Lincoln knew full well that the lust for Indian blood could not be ignored; to prevent any executions from going forward might well have condemned all 303 to death at mob hands. Lincoln asked two clerks to go through the commission's trial records and identify those prisoners convicted of raping women or children. They found only two such cases. Lincoln then asked his clerks to search the records a second time and identify those convicted of participating in the massacres of settlers. This time the clerks came up with 39 names that were later included in Lincoln's handwritten order of execution written on December 6, 1862.
Largest Mass Execution in U.S. History
In Mankato, Minnesota, at 10 a.m. on the morning of December 26, soldiers led 38 prisoners (one person was reprieved between the date of Lincoln's order and the execution), wearing white muslin coverings and singing Dakota Sioux death songs, to gallows arranged on a circular scaffold. The warriors took the places assigned to them on the platform; ropes were placed around each neck. At the signal of three drumbeats, a single blow from an ax cut the rope that held the platform and 37 people fell to their deaths. One prisoner's rope broke and he consequently had to be rehung, prolonging whatever agony he may have felt before dying. A loud cheer went up from the thousands of spectators gathered to witness the event. The bodies were buried in a mass grave on the edge of town. Soon area physicians, including one named Mayo, arrived to collect cadavers for their medical research.
The hanging stands as the largest mass execution in American history.
In April 1863, Congress enacted a law providing for the forcible removal from Minnesota of all Sioux. Most of the captured, after suffering through a harsh winter at an encampment near St. Paul, were removed to South Dakota. Convicted prisoners who were reprieved from execution were transported on the steamboat Favorite down the Mississippi to Camp McClellan, near Davenport, Iowa. After President Andrew Johnson ordered the release of the 177 surviving prisoners on March 22, 1866, they were moved to the Santee Reservation near Niobrara, Nebraska.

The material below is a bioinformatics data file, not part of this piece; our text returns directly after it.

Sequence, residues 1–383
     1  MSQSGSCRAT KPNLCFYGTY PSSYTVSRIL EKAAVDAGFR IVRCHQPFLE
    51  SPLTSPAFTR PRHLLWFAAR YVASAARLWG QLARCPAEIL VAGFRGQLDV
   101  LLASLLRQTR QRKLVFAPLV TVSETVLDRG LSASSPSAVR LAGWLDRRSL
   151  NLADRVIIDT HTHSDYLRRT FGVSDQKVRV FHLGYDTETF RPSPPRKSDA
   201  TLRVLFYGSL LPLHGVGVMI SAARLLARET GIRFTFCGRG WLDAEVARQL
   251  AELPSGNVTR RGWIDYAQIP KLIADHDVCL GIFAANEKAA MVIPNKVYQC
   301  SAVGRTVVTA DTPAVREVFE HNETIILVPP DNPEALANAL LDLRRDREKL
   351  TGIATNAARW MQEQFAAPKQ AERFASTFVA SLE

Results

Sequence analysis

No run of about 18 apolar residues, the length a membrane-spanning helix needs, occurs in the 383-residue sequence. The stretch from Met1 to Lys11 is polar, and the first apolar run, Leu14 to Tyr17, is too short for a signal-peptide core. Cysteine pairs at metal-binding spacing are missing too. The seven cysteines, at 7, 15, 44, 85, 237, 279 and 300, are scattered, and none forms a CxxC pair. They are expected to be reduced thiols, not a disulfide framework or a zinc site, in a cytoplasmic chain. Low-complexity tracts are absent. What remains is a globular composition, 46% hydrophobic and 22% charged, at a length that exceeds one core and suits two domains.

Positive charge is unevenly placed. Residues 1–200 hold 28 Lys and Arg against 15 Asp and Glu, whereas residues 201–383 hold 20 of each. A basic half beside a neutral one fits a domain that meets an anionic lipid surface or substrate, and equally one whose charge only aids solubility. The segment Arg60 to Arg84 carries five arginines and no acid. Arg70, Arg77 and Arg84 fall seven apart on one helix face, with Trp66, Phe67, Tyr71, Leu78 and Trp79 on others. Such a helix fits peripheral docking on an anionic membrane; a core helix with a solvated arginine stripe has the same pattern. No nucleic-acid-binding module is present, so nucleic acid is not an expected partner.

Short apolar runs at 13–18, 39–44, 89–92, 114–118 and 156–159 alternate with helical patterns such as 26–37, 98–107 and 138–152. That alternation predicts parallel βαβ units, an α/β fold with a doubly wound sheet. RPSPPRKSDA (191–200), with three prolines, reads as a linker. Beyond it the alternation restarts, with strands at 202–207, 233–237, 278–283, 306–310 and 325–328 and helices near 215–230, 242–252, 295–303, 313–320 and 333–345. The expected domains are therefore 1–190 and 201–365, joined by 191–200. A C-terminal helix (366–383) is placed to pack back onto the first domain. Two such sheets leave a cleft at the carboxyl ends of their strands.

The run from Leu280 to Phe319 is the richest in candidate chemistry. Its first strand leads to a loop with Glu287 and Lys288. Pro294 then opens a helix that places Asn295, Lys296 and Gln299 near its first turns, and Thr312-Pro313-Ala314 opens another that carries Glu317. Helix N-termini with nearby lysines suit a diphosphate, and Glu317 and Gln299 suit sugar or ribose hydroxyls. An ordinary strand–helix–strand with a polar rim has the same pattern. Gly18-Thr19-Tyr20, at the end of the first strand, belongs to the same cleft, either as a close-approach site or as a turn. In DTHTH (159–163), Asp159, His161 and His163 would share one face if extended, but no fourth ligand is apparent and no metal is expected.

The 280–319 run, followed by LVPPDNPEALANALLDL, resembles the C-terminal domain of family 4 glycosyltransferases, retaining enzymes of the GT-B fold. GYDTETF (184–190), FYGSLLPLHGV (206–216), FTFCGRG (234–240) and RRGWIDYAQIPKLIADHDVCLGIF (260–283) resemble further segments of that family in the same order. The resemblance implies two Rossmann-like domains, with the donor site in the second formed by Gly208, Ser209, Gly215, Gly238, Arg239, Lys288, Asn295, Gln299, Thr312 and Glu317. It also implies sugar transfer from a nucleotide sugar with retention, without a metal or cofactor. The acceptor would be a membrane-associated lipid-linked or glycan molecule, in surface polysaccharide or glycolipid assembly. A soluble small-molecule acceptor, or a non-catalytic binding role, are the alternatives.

The acknowledged leader of the Dakota Uprising, Chief Little Crow, was not among the Sioux tried by the military commission. He, along with 150 or so of his followers, fled after the war to present-day North Dakota and Canada. In June 1863, Little Crow returned to Minnesota on a horse-stealing foray. On July 3, Little Crow was shot by a farmer while picking berries with his son in western Minnesota. The farmer received a $500 reward from the state.
The Sioux wars continued for many years. A military expedition carried the fighting into the Dakota Territory in 1863 and 1864. As the frontier moved westward, new fighting erupted. Finally, in 1890 at Wounded Knee, the generation of warfare that began in Minnesota in August of 1862 came to a final and tragic end.
—Douglas O. Linder
Suggestions for Further Reading
Anderson, Gary Clayton and Alan R. Woolworth, eds. Through Dakota Eyes: Narrative Accounts of the Minnesota Indian War of 1862. Minnesota Historical Society Press, 1988.
Board of Commissioners. Minnesota in the Civil and Indian Wars, 1861-1865 (Two Volumes).Minn.:1890, 1893.
Carley, Kenneth, The Sioux Uprising of 1862. Minnesota Historical Society Press, 1976.
Folwell, William Watts. A History of Minnesota. Vol. 1I. Minnesota Historical Society Press, 1961.
Linder, Douglas O. The Dakota Conflict Trials. http://law.umkc.edu/faculty/projects/ftrials/dakota.htm.